The eldest of Betsy and Doug Franco's three sons, James Franco drops out of UCLA after his freshman year to study acting at Robert Carnegie's Playhouse West. "All my friends looked at me with pity thinking I made a pretty poor move," Franco recalls to the Chicago Sun-Times. "But after you take the leap, you know in your heart if you made the right move or not."
Franco lands on the small screen in Judd Apatow's cult-hit series Freaks and Geeks, alongside comedic actors Seth Rogen and Jason Segel. He also makes his film debut with a bit part in the Drew Barrymore comedy Never Been Kissed and lands his first lead role in 2000's Whatever It Takes. Although the latter flops, Franco falls for costar Marla Sokoloff.
With his striking resemblance to screen icon James Dean, Franco headlines the eponymous TV biopic. "I took up smoking, like Dean, and cut off most of my friends," Franco tells the New York Times. "I'm doing everything I can to approximate his life." His performance earns him a lead actor Golden Globe, as well as an Emmy and Screen Actor Guild Award nominations.
Franco costars in Spider-Man as Harry Osborn, friend turned enemy of Peter Parker (played by Tobey Maguire). "I was auditioning for Peter Parker," he reveals to EW. "But it wasn't like the role of a lifetime for me. And the part I got had a lot more psychological push and pull than you would normally expect. So it worked out really well in the end." With Maguire and Kirsten Dunst, Franco reprises his role in the record-breaking trilogy, which grosses more than $1 billion in the U.S. alone.
Franco steps out with actress Ahna O'Reilly at the Las Vegas celebration of Maxim's 100th issue, but remains mum on his relationship. After five years together, Franco goes public with their split in Playboy in 2011. "It's over," he says. "We'd been living together in L.A. and then came to New York to go school for two years. Then I signed up for more school at Yale. I think that was it for her."
In between filming such flops as Tristan & Isolde and Annapolis, Franco returns to his studies at UCLA. "I am going back to school because I love being around people who are interested in what I'm interested in," he says. "That is the best way to learn." In 2008, he graduates with his bachelor's in English and enters Columbia University's graduate fiction-writing program, while studying directing at New York University and taking fiction writing classes at Brooklyn College.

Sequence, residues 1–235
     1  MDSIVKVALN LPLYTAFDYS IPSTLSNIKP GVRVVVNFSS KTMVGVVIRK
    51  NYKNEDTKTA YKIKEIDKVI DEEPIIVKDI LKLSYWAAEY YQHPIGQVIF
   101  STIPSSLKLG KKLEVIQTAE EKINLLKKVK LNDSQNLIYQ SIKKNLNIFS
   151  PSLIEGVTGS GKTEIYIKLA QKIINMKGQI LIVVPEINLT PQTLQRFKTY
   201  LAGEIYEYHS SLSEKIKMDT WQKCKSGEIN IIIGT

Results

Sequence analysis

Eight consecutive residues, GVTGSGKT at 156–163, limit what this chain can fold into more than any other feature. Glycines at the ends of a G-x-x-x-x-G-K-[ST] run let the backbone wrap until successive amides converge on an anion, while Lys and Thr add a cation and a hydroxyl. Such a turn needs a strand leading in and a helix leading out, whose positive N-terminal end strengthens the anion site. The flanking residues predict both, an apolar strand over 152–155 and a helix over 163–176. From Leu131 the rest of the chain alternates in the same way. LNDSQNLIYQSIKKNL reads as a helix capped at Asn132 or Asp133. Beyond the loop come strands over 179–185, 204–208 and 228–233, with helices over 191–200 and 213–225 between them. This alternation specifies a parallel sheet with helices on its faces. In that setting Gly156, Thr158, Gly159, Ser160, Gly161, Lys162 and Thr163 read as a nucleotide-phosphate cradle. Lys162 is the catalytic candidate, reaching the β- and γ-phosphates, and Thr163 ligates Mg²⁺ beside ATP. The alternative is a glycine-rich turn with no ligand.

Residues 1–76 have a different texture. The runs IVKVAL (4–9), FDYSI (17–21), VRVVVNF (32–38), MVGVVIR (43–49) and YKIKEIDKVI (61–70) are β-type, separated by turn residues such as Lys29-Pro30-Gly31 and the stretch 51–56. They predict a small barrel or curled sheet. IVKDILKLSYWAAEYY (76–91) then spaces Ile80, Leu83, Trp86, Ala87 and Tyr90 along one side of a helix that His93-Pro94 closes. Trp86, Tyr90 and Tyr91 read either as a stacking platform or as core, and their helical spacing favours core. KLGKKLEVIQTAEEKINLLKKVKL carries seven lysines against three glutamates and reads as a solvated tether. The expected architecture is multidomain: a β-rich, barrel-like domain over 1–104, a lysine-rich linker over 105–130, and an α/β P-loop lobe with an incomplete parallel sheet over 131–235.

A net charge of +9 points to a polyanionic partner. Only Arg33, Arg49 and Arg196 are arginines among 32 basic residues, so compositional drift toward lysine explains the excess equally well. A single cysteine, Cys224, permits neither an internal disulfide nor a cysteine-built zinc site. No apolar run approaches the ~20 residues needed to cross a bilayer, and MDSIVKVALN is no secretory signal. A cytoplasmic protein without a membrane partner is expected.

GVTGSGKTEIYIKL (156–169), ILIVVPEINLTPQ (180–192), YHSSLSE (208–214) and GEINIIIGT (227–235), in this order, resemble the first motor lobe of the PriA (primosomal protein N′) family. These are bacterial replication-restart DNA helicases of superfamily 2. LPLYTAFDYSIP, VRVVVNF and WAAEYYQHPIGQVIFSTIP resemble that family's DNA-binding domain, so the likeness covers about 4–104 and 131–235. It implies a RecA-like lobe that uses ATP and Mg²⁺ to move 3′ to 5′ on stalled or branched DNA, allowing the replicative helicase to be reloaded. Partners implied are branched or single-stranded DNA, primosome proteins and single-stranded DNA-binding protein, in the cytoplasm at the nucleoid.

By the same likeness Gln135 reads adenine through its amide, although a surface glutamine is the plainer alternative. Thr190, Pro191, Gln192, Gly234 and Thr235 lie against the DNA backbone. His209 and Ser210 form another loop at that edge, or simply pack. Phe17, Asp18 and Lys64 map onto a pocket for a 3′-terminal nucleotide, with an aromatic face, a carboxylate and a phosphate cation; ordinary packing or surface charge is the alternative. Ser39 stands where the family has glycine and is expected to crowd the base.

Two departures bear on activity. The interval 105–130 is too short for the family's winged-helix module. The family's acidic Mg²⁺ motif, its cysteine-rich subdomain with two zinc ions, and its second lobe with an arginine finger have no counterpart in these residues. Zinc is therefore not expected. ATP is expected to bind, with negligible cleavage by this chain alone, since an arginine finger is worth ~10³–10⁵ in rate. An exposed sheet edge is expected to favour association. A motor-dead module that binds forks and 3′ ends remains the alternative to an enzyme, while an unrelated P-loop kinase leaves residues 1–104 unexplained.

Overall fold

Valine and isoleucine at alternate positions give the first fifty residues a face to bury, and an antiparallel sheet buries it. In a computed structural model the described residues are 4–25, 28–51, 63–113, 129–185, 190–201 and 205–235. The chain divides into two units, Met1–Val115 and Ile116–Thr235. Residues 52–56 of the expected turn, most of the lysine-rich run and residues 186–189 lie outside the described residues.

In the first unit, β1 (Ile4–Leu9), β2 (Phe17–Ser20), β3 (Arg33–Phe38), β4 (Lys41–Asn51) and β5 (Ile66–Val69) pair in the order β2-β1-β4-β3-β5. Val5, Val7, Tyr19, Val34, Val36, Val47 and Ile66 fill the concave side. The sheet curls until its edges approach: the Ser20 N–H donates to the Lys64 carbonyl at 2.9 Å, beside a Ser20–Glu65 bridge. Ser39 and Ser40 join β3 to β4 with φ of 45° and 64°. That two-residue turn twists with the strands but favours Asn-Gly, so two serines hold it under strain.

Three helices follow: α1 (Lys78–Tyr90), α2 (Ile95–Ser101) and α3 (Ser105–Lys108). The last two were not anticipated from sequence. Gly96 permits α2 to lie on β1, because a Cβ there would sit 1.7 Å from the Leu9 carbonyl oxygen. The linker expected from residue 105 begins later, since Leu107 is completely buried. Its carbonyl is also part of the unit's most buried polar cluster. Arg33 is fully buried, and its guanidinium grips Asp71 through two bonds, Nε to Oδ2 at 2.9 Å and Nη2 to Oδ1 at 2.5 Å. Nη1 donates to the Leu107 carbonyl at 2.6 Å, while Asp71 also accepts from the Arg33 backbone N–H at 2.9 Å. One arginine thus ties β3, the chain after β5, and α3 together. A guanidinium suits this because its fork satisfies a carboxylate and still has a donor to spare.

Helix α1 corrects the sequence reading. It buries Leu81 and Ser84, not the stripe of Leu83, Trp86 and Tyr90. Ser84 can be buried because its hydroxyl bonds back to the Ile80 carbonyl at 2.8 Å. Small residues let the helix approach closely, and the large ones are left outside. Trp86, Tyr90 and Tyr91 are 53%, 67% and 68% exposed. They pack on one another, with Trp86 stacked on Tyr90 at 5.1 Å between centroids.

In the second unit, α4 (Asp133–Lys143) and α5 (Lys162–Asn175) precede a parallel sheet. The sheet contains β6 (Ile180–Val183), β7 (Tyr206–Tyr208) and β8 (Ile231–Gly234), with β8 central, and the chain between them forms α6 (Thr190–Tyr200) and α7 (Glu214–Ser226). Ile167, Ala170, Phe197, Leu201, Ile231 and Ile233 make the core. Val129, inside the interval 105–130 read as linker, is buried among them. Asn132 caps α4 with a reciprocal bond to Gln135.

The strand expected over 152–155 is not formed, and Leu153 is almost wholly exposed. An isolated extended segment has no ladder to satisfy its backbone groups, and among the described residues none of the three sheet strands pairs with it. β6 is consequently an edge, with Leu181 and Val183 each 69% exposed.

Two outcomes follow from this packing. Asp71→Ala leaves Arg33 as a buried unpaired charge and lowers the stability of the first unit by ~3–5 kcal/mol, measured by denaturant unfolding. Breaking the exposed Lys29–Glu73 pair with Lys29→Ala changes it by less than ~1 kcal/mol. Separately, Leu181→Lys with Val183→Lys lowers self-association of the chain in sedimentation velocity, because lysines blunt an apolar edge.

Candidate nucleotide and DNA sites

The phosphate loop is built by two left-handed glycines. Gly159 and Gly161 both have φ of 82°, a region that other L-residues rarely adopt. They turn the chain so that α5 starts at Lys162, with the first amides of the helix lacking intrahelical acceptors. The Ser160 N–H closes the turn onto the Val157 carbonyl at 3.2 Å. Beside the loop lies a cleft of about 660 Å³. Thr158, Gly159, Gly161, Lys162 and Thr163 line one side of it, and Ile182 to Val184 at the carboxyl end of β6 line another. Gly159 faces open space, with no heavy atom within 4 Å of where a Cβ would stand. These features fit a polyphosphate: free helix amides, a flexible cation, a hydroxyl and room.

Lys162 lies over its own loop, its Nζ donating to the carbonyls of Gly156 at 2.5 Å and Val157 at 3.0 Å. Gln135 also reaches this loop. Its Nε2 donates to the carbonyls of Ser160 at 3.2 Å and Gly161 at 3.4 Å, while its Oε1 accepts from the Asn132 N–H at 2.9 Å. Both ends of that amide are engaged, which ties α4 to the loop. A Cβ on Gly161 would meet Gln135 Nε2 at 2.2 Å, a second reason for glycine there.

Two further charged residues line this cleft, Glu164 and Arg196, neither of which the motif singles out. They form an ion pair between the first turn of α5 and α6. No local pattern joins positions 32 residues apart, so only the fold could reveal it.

Gucci chooses Franco to be the face of their new men’s fragrance. That December, the actor's good looks also score him his second honorable mention in PEOPLE's Sexiest Man Alive issue. But, as Franco tells Elle, he wasn't always at ease with his physical appeal: "In junior high and high school, sure, girls told me I was cute or whatever, but I was so shy I could never really make anything happen or cash in."
Franco reunites with Freaks and Geeks pals Apatow and Rogen for Pineapple Express. His performance as a pot dealer who loves his Bubby earns him a Golden Globe nod. Costar Rogen tells EW, "We put him in a grungy wig and some baggy clothes and...it's almost like he isn't even handsome in this movie." While Apatow explains, "You tell him, 'Okay, you're going to play a pot dealer,' and he comes back with a three-dimensional character you totally believe exists. He takes it very seriously, even when it's comedy." The film earns more than $87 million domestically.
Franco appears on the September issue of GQ, where he discusses his intense preparation for roles (earning his pilot license; shadowing a male stripper) and his regrettable film flops. "It's just sad for me, because I know I worked so hard, and I just feel like in some ways I kind of blew it," he says. "It’s just hard to get away from what I see as the stain of these bad movies."
In the Oscar-nominated biopic Milk, Franco plays Scott Smith, boyfriend of Harvey Milk–the first openly gay man elected to public office. "There haven't been a lot of male-housewife roles," Franco, who receives an Independent Spirit Award for his supporting role, jokes to GQ. "But I knew if I played it truthfully, I'd bring a political film to a human level."
BIOGRAPHY (top to bottom): Yearbook Library; Everett Collection; Columbia Pictures; John Sciulli/WireImage; National Photo Group; Courtesy of Gucci; Everett; Nathaniel Goldberg/GQ; Everett Collection